August 23, 2020

Diarrhoea: An Overview of Acute Diarrhoeal Disease

Diarrheal disease is one of the top ten leading causes of death worldwide and a particular concern for children younger than five years old in resource-limited settings. Among adults in resource-rich settings, diarrhea is often a "nuisance disease" in the healthy individual. Diarrhoea can be of sudden onset lasting less than two weeks (acute) or more than two weeks (persistent or chronic). In most cases, diarrhoea eases and resolves within few days though sometimes it takes longer. The main risk is dehydration. The main treatment is drinking lots of fluid to avoid dehydration. You should also eat as normally as possible. See a doctor if you suspect that you are dehydrating, or if you have any worrying symptoms as listed below. This article deals with acute diarrhoea, which is common.

What is diarrhoea?

Diarrhoea is defined as the passage of three or more loose or liquid stools per day (or more frequent passage than is normal for the individual) or the passage of more than 250 g of unformed stool per day. Frequent passing of formed stools is not diarrhoea, nor is the passing of loose, "pasty" stools by breastfed babies.

Diarrhoea is usually a symptom of an infection in the intestinal tract, which can be caused by a variety of bacterial, viral and parasitic organisms. Infection is spread through contaminated food or drinking-water, or from person-to-person as a result of poor hygiene.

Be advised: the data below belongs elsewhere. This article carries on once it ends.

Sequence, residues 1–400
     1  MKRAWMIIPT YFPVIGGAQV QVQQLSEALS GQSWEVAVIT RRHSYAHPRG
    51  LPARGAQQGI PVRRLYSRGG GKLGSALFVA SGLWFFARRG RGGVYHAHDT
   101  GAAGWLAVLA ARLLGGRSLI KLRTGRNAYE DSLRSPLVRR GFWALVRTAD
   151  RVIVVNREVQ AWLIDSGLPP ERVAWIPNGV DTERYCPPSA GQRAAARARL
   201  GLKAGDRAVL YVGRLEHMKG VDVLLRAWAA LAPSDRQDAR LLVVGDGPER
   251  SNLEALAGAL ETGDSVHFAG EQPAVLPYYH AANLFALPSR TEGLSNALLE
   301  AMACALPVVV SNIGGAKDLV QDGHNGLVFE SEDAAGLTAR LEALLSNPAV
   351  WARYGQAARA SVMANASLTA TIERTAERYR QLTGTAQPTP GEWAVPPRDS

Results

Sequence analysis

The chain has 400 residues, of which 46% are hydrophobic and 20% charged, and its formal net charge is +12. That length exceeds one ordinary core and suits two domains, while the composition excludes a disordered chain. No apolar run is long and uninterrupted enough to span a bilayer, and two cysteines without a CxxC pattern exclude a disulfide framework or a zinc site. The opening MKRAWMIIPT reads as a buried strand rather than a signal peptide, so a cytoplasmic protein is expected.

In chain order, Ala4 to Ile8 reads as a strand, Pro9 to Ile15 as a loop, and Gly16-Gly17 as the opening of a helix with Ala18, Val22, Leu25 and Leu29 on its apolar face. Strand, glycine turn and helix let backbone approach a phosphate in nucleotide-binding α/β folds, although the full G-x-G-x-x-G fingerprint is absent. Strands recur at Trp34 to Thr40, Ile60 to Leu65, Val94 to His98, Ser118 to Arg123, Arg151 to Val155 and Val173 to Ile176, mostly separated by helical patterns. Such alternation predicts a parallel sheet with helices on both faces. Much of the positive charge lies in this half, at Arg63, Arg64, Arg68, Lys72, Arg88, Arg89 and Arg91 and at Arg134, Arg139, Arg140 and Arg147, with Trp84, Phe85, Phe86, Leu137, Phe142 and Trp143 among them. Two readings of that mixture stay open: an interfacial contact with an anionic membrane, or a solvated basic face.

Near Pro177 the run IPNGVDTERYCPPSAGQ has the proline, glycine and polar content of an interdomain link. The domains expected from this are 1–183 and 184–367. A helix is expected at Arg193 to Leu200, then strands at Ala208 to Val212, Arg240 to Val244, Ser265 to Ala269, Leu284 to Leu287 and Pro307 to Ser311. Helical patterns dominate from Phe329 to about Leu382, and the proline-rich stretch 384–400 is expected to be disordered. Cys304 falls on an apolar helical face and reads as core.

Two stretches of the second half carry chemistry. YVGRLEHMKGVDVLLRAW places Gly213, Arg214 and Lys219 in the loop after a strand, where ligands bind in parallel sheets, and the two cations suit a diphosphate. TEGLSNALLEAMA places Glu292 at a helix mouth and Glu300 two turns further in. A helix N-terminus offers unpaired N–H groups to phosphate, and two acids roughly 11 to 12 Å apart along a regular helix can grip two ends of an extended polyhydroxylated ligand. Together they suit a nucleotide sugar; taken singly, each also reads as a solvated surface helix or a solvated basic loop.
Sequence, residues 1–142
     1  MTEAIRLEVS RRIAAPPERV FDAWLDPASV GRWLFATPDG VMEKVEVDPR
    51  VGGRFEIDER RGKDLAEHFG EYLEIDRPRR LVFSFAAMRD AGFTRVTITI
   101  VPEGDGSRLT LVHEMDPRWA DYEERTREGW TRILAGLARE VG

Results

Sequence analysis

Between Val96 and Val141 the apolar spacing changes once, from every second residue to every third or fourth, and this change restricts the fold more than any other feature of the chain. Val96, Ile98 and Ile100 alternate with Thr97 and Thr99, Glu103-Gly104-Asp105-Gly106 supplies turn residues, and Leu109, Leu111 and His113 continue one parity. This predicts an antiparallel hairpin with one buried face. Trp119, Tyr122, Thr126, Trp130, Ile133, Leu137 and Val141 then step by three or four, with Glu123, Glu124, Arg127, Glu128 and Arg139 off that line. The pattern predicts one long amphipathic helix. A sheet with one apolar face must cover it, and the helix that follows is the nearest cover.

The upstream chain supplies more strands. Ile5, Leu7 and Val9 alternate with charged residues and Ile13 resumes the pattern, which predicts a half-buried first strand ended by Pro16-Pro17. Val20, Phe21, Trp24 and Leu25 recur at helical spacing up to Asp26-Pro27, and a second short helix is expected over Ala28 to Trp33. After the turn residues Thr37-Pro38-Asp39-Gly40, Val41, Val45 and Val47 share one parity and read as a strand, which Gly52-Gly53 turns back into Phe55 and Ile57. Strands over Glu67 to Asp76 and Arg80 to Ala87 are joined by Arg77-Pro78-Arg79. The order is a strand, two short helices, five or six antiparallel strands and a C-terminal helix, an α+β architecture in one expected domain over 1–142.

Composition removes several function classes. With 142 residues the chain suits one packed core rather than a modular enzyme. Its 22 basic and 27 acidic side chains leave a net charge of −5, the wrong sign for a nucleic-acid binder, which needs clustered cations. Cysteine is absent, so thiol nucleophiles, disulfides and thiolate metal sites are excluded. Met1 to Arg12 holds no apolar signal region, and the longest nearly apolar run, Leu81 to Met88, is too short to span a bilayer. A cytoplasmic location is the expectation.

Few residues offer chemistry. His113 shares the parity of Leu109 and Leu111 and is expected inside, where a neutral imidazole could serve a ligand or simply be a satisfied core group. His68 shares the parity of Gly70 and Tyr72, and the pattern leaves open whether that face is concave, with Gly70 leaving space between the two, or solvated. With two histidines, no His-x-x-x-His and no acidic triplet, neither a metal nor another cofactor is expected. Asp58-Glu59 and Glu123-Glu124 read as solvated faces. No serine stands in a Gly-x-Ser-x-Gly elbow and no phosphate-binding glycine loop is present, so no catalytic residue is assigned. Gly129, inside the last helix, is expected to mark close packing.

There are three clinical types of diarrhoea:
  • acute watery diarrhoea – lasts several hours or days, and includes cholera;
  • acute bloody diarrhoea – also called dysentery or invasive diarrhoea; and
  • persistent diarrhoea – lasts 14 days or longer.
On the basis of its duration, diarrhea can be classified as acute (less then 14 days), persistent (14 to 29 days), or chronic (30 or more days).

Key facts about diarrhoea

Data from the WHO summarizes important key facts:
  • Diarrhoeal disease is one of the top ten leading causes of death worldwide.
  • Diarrheal disease is the second leading cause of death in children under five years old.
  • Diarrhoea is both preventable and treatable.
  • Each year diarrhoea kills around 525 000 under-5 children worldwide.
  • A significant proportion of diarrhoeal disease can be prevented through safe drinking-water and adequate sanitation and hygiene.
  • Globally, there are nearly 1.7 billion cases of childhood diarrhoeal disease every year.
  • Diarrhoea is a leading cause of malnutrition in children under five years old.

What causes acute diarrhoea?

Infection of the gut is the common cause. This is of sudden onset and is called acute infectious diarrhoea:
  • Gastroenteritis. Many bacteria, viruses and other germs can cause diarrhoea. Sometimes the germs come from infected food (food poisoning). Infected water is a cause in some countries. Sometimes it is just 'one of those germs going about'.